Gemvara CEO Matt Lauzon Steps Down: Thoughts on Startup Legacy and Future

11/27/12Follow @gthuang

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Lauzon says he staggered home and spent most of the summer fly fishing, thinking about what to do with his life, and thinking about his parents. “They sacrificed so much just for me to get here,” he says.

He came back to Babson with a completely different attitude. His academic performance soared (GPA of 3.8/4 his last two years), and he started thinking seriously about business ideas.

One big idea was to create the future of jewelry shopping. Originally called Paragon Lake, the startup he hatched with fellow Babson student Jason Reuben (who’s no longer with the company) was all about bringing customization and personalization to the retail experience, both online and offline.

If you walk the streets of your hometown, especially in middle America, you’ll probably find the local bookstore is gone, Lauzon says. Same with the local shoe store, and the local electronics store. The exception seems to be local jewelers. “It’s one of the last standing pieces of traditional retail,” he says.

He was particularly intrigued by the customization aspect—that consumers could design their own rings, necklaces, pins. And he wanted to create a better experience of buying jewelry online. “What drives me is awesome [user] experience,” he says.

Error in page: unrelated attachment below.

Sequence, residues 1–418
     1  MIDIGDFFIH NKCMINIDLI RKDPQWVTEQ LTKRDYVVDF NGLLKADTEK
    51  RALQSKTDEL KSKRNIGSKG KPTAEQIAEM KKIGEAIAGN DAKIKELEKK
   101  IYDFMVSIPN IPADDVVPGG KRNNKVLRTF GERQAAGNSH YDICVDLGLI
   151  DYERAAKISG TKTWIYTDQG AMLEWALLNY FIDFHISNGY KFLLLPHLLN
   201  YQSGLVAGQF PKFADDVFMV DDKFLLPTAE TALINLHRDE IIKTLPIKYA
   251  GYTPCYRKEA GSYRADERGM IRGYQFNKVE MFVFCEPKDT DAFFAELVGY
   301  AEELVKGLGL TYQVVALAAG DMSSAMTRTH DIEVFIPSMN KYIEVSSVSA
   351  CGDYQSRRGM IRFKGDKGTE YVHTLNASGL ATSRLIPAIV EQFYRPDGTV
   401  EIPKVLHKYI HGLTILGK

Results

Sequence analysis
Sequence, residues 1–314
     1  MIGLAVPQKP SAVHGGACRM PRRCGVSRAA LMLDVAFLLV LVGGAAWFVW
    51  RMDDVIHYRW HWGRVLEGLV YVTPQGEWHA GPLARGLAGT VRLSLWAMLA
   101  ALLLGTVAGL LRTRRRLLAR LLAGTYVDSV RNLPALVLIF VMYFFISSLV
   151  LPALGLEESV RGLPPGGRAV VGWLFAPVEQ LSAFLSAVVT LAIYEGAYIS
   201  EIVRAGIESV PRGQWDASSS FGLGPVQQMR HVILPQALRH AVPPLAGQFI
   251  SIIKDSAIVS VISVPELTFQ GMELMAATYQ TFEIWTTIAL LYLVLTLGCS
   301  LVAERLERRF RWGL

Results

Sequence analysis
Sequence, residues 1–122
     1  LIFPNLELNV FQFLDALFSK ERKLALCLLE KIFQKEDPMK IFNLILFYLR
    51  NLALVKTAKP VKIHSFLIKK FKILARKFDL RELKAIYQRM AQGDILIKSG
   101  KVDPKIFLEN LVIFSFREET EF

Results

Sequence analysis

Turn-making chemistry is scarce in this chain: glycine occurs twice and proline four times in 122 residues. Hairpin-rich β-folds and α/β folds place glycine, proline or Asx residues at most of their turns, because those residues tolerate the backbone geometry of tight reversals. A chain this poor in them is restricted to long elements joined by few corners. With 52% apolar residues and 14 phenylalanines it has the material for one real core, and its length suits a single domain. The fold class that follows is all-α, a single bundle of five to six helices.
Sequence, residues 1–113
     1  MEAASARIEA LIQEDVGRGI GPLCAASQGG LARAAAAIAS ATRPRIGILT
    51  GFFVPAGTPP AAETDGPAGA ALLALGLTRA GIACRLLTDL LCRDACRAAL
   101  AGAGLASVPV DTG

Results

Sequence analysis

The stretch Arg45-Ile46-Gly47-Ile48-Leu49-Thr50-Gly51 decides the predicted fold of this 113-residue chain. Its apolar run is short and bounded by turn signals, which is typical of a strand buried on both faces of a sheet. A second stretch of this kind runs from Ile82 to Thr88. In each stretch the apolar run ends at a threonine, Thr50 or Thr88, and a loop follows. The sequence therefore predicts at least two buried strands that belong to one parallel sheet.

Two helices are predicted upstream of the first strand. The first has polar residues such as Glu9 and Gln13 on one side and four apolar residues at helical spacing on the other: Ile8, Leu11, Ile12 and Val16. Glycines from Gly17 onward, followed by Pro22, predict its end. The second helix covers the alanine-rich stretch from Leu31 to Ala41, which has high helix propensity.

When we met earlier this year, Lauzon took a few minutes to show me a glowing e-mail sent by a Gemvara customer. To him, running a company is not just about developing a better business model or technology. It’s about the trust and emotion packed into every purchase. “We want to be their jeweler for life,” he says.

Culturally, Gemvara seems to be about emotion over metrics. Lauzon drew me a graph of how people make decisions over time. At first they are emotional, he explained, but then rational thinking takes over; finally, they revert back to their gut to make their final decision. But surely, I said, companies have to take into account metrics—who’s buying, from which pages of the website, and so forth.

“You need both,” he admits. In fact, on Pinterest, the online pinboard that has caught fire in the past year, Lauzon said he had only one person in his list of people “who are really, really cool.” That person is Amazon founder and CEO Jeff Bezos. An appropriate choice, though not exactly the most touchy-feely guy in the world. But obsessed with both customer experience and metrics, yes.

So where does all of this leave Gemvara? Depending on whom you ask, the company is either crushing its sales numbers or … Next Page »

Gregory T. Huang is Xconomy's Deputy Editor, National IT Editor, and the Editor of Xconomy Boston. You can e-mail him at gthuang@xconomy.com or call him at 617-252-7323. Follow @gthuang

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  • Eric Sockol

    Matt

    Good luck on your next venture – lets me know if someone is crazy enough to paint a wall in the middle of the night at your next gig.

    Eric

  • Anonymous

    Matt,
    We all know that you will continue crushing it on your next (ad) venture :) Good luck with everything and if you do move out of freezing Boston, there’s no better place to move than sunny California.

    Alex

  • Helmut

    All the best and good luck for the future.

  • John

    This looks like a 51 million dollar fiasco. I could get a couple of kids with Photoshop and make a better website and sales experience for $500K. Lots of complaints on the better business bureau site and other websites. Ouch!!